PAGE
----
Published in the June 26, 2012 issue of The Edmonton Sun.
Linda’s social media column can be found every Tuesday in the Edmonton Sun.
Edmonton police tweet too
@CstPower: “Drunk fight: ‘… she had a knife.’ ‘Ok, what did the knife look like?’ ‘It doesn’t matter.’ ‘…?’ They fight & I get the headache #eps”
You don’t often get to hear those kinds of comments from members of the Edmonton Police Service.
In fact, you often won’t interact much at all with officers unless you’ve been a victim of a crime or have committed a crime.
But that’s all very different these days thanks to social media (specifically, Twitter).
Edmonton police officers officially began tweeting in 2009 as a way to show potential applicants what a day in the life of an officer was like.
There are now six tweeting constables who provide Edmontonians an online glimpse into the world of policing.
Const. Brendan Power (@CstPower) says the tool has turned into a “bridge between the police and the public.” Power has nearly 3,000 followers on Twitter, making him the most popular tweeting constable locally. The EPS believe Power has one of the highest follower counts among all tweeting officers across the country.
Power says doubling as a “Twitter cop” can be challenging at times, but worth it.
“There’s a fine line when tweeting about policing. Will this compromise an investigation, compromise a trial, reveal identity, cause panic, and be misinterpreted or twisted?” he says.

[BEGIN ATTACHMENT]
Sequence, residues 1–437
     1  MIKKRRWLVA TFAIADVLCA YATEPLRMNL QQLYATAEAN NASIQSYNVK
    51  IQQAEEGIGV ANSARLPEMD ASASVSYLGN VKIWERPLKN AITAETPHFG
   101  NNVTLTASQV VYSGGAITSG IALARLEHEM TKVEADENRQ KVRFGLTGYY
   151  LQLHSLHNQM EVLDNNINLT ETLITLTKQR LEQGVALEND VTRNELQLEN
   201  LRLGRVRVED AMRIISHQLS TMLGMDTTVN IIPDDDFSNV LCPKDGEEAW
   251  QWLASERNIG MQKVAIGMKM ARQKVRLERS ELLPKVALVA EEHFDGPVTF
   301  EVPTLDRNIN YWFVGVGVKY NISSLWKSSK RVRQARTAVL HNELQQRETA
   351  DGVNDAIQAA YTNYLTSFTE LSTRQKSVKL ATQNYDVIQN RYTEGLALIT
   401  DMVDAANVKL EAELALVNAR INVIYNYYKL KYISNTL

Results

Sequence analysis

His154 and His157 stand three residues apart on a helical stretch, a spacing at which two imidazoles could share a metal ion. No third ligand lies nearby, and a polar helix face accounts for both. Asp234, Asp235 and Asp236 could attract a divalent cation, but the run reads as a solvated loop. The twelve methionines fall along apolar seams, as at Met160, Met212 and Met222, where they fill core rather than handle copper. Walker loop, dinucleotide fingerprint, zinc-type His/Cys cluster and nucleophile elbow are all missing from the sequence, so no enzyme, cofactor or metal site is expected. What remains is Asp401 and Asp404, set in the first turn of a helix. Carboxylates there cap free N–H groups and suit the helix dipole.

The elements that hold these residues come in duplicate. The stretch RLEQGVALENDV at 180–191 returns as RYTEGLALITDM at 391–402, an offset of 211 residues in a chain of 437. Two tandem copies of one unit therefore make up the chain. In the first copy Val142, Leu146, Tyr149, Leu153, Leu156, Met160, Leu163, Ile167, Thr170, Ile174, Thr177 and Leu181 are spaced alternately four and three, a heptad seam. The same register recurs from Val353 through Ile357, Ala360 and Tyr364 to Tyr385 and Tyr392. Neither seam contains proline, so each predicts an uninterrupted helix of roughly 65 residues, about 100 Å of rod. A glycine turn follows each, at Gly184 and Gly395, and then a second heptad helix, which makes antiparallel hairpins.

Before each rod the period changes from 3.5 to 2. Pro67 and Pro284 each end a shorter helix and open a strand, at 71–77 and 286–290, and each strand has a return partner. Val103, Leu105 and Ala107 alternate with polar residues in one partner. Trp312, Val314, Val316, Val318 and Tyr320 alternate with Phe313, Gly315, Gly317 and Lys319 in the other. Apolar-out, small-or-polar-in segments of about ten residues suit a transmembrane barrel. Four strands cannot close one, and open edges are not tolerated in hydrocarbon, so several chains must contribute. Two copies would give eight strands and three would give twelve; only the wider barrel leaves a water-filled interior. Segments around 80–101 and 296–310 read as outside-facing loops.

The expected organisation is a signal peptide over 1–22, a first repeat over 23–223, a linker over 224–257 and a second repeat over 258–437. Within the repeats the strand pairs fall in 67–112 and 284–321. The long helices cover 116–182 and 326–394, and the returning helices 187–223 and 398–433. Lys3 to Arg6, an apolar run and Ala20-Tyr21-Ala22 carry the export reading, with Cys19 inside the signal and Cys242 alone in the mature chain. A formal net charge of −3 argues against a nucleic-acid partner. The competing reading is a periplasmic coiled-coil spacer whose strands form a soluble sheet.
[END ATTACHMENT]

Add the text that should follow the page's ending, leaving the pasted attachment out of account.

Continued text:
“The response and interactions I have had have been overwhelmingly positive. As unsure as I was when I started, this has become a regular part of my day.”
I love receiving Twitter updates from officers. It personalizes them. It humanizes them. Quite frankly it makes you like cops. Of course it could be better. Some constables don’t tweet for days and if they do it’s not often that day. But I applaud the EPS for their efforts in using social media to communicate, educate and interact with Edmontonians.
Just like businesses try to grapple with social media and how it can be used to benefit their companies, so too is the EPS trying to figure out the most effective way to use social networks to connect with citizens and dispel any misconceptions there may be surrounding city police.
I can only assume the EPS’ social media practices will get better as time goes on. They’ve certainly shown they believe social media is something that deserves to be invested in.
On Friday, the EPS social media team will talk about what they do and what direction they hope to take at this month’s Social Media Breakfast. Follow along online at #smbyeg18
EPS Tweeting Constables:
Const. Brendan Power – @CstPower
Const. Coral Spiker – @CstSpiker
Const. Chapman Lee – @Cst_Lee
Const. Sean DeZoeten – @CstDeZoeten
Const. Michelle Horchuk – @CstHorchuk
Const. Kurtis Hauptman – @CstHauptman
Some EPS tweets of the week:
@CstSpiker: So when I applied for this position of following bad guys around, the job description never mentioned dying of heat in the back seat of a car.
@CstHauptman: In court this morning – housebreaking to commit robbery investigation. The house was surrounded before they could leave.
@CstPower: Met a nice young lady who aspires to be a cop. Will never happen due to bad decisions as a teen. Don’t let today define your tomorrow kids.
@Cst_Lee: I wonder what they are going to ask me today at the innercity social work class… #yeg #eps
Click here to read the column on the Edmonton Sun website!